An overpriced system offering the promise of a more sophisticated game experience that has not quite worked out what sophistication should look like.
Sound but no fury
The machine itself is as shiny and smooth and curvaceous as a new sports car (and nearly as heavy reinforce that entertainment center). Pop the hood and you find a high-definition Blu-Ray DVD drive, a wireless Internet network, the graphics card of a high-end personal computer, and a processor chip so overwhelmingly powerful it will bench press your kids and kill your dog with its bare hands.
But Blu-Ray? Unless you re in the market for a high-definition DVD player, who cares? And if you are, and you purchase a PS3 but the hi-def HD DVD format takes off instead you re essentially stuck with a high-end gaming unit attached to a Betamax. (And talk about stingy. Despite being one of the leading supporters of Blu-Ray, Sony doesn t even include the hi-def cable to connect the PS3 to a hi-def TV.)
Games look amazing on it (though only a few are worth $60). Sound reaches every inch of the room. There are ridiculous oversights (that I ll get to in a minute) you can ignore when the presentation is this dazzling.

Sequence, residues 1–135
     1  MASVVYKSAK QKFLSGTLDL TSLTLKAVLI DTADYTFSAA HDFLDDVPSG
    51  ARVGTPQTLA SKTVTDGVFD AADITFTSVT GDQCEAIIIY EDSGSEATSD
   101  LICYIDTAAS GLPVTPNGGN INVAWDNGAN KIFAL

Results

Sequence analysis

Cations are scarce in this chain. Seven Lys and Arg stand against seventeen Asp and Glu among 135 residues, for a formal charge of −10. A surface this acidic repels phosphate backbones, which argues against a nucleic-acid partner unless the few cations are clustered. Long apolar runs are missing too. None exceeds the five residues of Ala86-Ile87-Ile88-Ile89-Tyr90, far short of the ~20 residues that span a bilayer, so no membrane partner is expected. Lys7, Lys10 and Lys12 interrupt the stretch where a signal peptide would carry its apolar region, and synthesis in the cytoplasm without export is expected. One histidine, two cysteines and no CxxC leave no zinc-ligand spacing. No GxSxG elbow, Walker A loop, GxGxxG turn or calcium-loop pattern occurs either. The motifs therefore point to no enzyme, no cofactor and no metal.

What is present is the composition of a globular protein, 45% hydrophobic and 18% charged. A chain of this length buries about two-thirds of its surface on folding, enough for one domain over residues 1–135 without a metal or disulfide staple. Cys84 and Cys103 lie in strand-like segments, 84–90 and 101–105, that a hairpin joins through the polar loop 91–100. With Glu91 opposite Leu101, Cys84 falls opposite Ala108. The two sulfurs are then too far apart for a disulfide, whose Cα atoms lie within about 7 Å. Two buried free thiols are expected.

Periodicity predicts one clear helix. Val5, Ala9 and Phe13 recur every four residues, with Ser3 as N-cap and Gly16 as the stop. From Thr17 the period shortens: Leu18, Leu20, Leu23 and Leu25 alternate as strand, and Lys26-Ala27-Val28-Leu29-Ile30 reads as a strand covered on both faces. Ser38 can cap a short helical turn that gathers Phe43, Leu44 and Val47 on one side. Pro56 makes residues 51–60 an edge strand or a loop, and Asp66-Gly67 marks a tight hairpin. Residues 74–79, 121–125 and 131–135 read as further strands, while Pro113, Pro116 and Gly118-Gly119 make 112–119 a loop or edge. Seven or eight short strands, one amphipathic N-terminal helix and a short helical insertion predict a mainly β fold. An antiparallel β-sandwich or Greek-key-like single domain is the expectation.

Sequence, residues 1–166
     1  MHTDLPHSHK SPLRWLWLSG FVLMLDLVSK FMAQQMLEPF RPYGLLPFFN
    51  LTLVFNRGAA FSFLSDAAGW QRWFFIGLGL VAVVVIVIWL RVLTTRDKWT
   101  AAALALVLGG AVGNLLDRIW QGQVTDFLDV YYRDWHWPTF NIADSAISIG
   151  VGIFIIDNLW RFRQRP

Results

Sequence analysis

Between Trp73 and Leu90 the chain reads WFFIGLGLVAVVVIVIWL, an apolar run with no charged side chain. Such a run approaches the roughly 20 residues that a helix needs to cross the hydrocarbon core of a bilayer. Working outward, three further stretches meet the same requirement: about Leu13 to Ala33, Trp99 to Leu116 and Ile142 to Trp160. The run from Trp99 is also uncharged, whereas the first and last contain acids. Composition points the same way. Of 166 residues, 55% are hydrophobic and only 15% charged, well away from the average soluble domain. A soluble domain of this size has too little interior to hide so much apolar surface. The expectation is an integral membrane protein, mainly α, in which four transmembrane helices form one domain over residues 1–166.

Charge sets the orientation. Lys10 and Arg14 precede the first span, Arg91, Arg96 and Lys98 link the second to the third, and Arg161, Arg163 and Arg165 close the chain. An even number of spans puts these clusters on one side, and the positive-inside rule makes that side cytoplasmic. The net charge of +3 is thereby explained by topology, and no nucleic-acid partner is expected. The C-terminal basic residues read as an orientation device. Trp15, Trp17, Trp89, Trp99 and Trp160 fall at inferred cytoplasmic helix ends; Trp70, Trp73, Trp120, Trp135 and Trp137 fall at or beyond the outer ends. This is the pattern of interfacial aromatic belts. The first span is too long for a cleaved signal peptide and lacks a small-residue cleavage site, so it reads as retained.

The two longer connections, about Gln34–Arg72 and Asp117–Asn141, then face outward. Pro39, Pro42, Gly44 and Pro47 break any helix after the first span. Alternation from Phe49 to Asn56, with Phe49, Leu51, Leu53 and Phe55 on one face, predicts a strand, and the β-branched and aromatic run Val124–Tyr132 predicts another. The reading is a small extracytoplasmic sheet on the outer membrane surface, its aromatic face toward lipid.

So why did I keep thinking, Is that it? This is next-generation?
It s been five years since the debut of the Sony PlayStation2 and the Microsoft Xbox then, the most powerful consoles ever made, ambitious attempts to fuse a multi-purpose home entertainment center with a gaming system. We really liked them, and in the time since, the game business has only grown, while the expectations for the next-generation consoles have not so much grown as resided in the stratosphere for those five years.
The next generation of video gaming consoles would be even more wildly powerful technological landmarks. This wasn t an assumption. Nothing less than that would be tolerated. Now understand, all of this is conventional wisdom in the gaming world: You buy a new system, you expect graphics to be more realistic than the previous generation of system, and the sound to be more life-like, and the games to be more complicated.
You get that with the PS3. (Not always; NBA 07 and Madden NFL 07, though glossier, aren t dramatically different than their counterparts on the XBox 360. And as engrossed as I was with the alternative-universe shoot em up Resistance: Fall of Man, I had as much fun with the 360 s somewhat similar Gears of War.)
So why am I underwhelmed?
For answers, look to the Wii.
In fact, because the PS3 and Wii were released 48 hours apart, and simultaneously became the hot gifts of the holiday season, Sony and Nintendo have set off a debate in the gaming world as to what the next evolution in gaming should look like indeed, what makes a video game fun?
Hint: it s not about power.
It s about (gasp) fun.
The Wii and Mii
Nintendo could not compete with Sony or Microsoft on processing power, and so the Wii s images appear sort of blocky for a hi-def gaming era, somewhere between the graphics on the old PS2 and the original Xbox. Actually, the Wii itself (a modest $250) couldn t look more stark alongside the PS3. It s no bigger than the average hardcover book. I had no trouble setting up either system; both come prepped for wireless networks, and both connected without an issue. But similarities end there.